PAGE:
The nutritional extension has a positive impact on public health and nutrition because, with a good knowledge of food, mothers will apply it in their households and in this way a healthy generation create in which children can grow and develop optimally [14]. The most question answered wrongly by the mother is about the definition of food (74.4%), the amount of fruit consumption recommended to children in a day (86.0%) and total use of vegetables in children recommended in the day (53.5%).

The nutritional attitude consists of 20 statements. The most misleading statements are about the portion of fruit and vegetables for the child. The is because low of level mother's knowledge. Knowledge can gain from formal and informal education. A study showed that Children of less-educated mothers exposed to more health risks, fewer health-promoting factors, worse social support. Had higher medical care consumption than children with more top educated mothers [15].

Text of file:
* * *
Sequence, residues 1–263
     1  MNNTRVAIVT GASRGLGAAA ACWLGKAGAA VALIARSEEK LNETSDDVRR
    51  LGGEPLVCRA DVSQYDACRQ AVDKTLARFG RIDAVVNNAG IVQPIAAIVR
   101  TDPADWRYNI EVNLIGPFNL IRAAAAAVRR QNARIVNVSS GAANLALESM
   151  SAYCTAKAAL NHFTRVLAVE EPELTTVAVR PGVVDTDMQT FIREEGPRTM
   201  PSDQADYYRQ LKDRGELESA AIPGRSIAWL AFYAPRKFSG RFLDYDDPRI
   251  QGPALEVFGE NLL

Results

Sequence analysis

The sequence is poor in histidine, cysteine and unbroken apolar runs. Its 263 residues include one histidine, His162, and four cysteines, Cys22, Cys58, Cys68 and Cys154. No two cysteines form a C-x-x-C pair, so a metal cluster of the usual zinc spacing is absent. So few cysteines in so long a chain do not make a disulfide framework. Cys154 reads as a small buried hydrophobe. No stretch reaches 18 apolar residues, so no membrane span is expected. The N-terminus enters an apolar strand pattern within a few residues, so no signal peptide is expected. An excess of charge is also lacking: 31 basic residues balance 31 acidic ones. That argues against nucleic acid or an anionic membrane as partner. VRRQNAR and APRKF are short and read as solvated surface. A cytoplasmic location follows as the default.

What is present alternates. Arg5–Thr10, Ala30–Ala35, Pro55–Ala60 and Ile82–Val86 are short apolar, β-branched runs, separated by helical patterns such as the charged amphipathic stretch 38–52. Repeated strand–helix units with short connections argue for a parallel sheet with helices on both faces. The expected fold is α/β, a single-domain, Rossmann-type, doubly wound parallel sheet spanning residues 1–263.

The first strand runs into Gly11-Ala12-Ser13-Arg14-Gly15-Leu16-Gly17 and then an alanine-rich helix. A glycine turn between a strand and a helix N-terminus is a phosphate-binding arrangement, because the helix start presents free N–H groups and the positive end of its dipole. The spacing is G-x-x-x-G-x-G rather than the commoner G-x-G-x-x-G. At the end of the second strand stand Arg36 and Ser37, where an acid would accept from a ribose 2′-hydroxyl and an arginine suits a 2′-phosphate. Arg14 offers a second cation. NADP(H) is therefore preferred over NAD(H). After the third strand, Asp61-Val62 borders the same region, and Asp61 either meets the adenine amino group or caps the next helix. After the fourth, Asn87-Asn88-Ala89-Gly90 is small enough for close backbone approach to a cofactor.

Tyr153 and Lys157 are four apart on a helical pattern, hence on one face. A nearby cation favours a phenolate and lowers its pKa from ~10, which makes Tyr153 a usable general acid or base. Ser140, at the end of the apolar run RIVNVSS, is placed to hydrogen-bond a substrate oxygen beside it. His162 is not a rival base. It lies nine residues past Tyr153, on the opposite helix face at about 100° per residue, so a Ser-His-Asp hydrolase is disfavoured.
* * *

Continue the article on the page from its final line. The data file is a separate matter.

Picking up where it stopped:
Children's nutritional intake depends not only on the availability of food. But also on other factors. Such as culture, environment, and social interaction [8]. In addition to meeting or exceeding federal nutrition standards for meals and snacks, to help increase the number of fruits and vegetables children eat, childcare, schools, and school districts can consider: including fruits and vegetables whenever food offer; training staff to make fruits and vegetables more appealing and accessible; and providing nutrition education and hands-on learning opportunities. Such as growing. Tasting. And preparing fruits and vegetables [16]. Because of the small sample size. The standard deviation for variables was higher than the mean. They are resulting in no significant variables.